Unless you plan on keeping your van for the next 20 years, you should be looking carefully at the pros and cons of leasing compared with purchasing outright.
Buying Second-Hand Vans
Although many people will choose to purchase a cheaper second-hand model, the costs of repairs and maintenance add up very quickly, so although you may have saved yourself initially on the upfront cost, over the period that you own the vehicle how much are you really paying? https://www.moneyadviceservice.org.uk/en/tools/car-costs-calculator
If you have had to borrow money in order to meet the purchase price then you are losing on all counts. The interest you are paying is unlikely to be offsetting the depreciation of the van, and your asset is losing value every day.
Buying A Brand New Van
So, another option is to buy brand new, with a warranty still intact. This means that if anything mechanical happens to the vehicle you are not wearing the cost. The cost of purchasing a new vehicle can be prohibitively high for many people, particularly new businesses with low turnover, so taking out a loan becomes an incredibly viable option.
The upside to borrowing money to purchase any asset is that the cost of the interest is an easy write-off against your income. The downside is that you actually have to come up with relatively high payments each month to meet your financial obligation.
If you keep the car for a few years after you have paid it off, then it may be a financially viable option, with the interest, purchase price and depreciation all being able to be used to offset your tax obligation. However, if you hold on to your van for too long you will quickly reach the stage where it is needing standard repairs and maintenance, and from there on in you are back to losing money on it.
What about leasing a van?
Many people baulk at the idea of leasing, because there is the mentality that you don’t own it, that you are not building up your asset portfolio. Which in many ways is rather accurate. However, with select vehicle leasing the price of leasing a vehicle is significantly less than the repayments if you were to buy the same brand new model.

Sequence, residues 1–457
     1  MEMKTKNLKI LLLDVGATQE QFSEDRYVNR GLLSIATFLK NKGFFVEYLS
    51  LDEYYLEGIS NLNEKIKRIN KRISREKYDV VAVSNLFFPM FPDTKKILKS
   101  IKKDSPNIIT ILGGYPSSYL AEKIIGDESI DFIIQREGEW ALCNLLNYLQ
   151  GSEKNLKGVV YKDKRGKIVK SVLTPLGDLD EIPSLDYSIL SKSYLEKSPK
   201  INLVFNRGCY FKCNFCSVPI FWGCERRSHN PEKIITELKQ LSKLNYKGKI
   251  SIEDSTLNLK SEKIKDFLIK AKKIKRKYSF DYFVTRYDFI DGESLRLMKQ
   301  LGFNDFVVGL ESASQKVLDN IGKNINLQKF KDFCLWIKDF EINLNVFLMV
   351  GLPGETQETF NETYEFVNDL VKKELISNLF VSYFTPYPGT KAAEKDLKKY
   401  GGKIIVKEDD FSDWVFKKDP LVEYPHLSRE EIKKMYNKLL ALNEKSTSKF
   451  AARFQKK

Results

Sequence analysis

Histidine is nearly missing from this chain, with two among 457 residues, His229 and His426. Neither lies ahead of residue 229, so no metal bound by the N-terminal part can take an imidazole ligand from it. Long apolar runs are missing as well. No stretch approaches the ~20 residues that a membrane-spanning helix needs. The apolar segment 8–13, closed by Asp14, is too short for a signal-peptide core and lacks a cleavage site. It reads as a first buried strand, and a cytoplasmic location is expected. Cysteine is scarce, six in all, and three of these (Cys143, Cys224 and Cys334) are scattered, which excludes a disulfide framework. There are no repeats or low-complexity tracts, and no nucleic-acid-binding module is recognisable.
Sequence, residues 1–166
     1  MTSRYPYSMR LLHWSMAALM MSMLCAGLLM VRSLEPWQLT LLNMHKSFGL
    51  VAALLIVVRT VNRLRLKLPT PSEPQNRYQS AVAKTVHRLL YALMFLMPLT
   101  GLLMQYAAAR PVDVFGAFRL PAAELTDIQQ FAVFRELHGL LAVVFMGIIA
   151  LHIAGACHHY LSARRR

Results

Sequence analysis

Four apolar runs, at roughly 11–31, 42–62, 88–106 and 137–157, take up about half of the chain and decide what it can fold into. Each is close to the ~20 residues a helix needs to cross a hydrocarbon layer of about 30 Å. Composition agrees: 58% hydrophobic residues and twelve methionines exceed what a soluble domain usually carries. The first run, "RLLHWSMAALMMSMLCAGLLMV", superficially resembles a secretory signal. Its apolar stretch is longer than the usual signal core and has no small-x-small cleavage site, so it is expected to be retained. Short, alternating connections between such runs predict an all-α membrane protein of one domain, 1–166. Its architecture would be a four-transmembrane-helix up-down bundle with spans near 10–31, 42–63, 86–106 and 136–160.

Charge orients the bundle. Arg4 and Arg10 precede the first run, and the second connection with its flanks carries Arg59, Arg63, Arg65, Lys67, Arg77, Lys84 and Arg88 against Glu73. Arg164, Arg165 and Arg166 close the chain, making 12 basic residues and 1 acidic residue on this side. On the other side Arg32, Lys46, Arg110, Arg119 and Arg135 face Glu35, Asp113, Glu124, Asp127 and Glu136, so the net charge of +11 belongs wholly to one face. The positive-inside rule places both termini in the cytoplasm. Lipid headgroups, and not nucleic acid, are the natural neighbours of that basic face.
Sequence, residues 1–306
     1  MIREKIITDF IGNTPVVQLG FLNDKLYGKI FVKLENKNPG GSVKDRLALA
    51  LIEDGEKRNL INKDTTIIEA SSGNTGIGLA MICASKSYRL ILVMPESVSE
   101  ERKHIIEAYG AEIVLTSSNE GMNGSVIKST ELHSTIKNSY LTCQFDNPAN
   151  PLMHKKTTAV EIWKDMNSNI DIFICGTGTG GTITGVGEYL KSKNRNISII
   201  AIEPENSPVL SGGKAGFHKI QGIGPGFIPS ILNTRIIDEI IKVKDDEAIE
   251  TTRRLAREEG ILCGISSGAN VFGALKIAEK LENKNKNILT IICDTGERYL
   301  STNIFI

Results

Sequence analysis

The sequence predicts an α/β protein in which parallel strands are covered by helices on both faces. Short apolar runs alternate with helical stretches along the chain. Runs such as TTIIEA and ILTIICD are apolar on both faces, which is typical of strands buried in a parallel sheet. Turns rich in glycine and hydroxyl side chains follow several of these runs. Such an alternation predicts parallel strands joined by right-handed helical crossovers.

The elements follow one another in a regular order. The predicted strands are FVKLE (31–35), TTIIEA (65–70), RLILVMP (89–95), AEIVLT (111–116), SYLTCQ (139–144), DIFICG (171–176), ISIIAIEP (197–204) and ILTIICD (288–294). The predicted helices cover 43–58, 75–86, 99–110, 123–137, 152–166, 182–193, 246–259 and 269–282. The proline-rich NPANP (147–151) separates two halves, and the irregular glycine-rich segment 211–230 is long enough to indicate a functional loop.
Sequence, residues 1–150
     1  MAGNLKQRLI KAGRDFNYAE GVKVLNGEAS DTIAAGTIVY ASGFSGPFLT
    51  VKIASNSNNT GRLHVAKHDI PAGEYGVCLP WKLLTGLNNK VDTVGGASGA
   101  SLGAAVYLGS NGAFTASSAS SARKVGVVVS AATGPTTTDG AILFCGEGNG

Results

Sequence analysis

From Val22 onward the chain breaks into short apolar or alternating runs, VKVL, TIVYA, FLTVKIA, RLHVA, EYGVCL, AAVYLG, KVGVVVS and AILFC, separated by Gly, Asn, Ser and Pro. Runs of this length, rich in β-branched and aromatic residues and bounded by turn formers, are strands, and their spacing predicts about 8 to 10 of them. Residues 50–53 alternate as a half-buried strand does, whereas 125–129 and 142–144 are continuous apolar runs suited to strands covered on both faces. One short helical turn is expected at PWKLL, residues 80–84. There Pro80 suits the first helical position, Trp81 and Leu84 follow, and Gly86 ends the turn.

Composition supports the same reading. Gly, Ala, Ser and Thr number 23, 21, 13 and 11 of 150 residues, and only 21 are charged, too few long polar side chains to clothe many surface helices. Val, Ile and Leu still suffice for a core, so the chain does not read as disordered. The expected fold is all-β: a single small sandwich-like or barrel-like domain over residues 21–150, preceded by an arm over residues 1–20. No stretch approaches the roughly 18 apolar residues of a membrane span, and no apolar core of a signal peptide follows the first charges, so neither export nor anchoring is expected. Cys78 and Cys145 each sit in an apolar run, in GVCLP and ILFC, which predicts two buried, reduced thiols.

There are several advantages to leasing over buying, but the first big one is obviously going to be a smaller weekly outlay. Unless the business is in a position to purchase a brand new vehicle outright, there will be loans and interest costs to consider. With leasing there is just the standard monthly, or weekly, payment to the leasing company.
With most leasing companies you are not liable if your van breaks down. In fact if you read the fine print in your policy you will likely find that in the even of your van suffering mechanical failure that the lease company will replace it, or at least give you an excellent loan vehicle while yours is being repaired.
One your lease period is up you will have several options, but by far the most popular is to simply lease the newest model and carry on. In this way you will always have the most efficient fleet, with the latest technology. This means that you are not only going to be saving money by having a far more fuel-efficient fleet than if you had purchased something 15 years old, but how much more efficient will your business be? Blue tooth in cars revolutionized freight and delivery businesses, and the technology in vehicles just keeps improving in each and every new release.
Pitfalls of Leasing
With leasing you will obviously not own the vehicle, but many people think that if they like the vehicle enough they will be able to buy it cheaply at the end of the lease period. As a general rule, this is not the case. Many lease contracts have a clause stating that the vehicle must be sold at the end of the lease period, with a percentage going to the finance company.
Most companies will have a limit on the number of miles that a vehicle can travel (see here), with penalties if you go over this. So be sure to estimate well about how far you will be travelling, and try to keep an eye on it.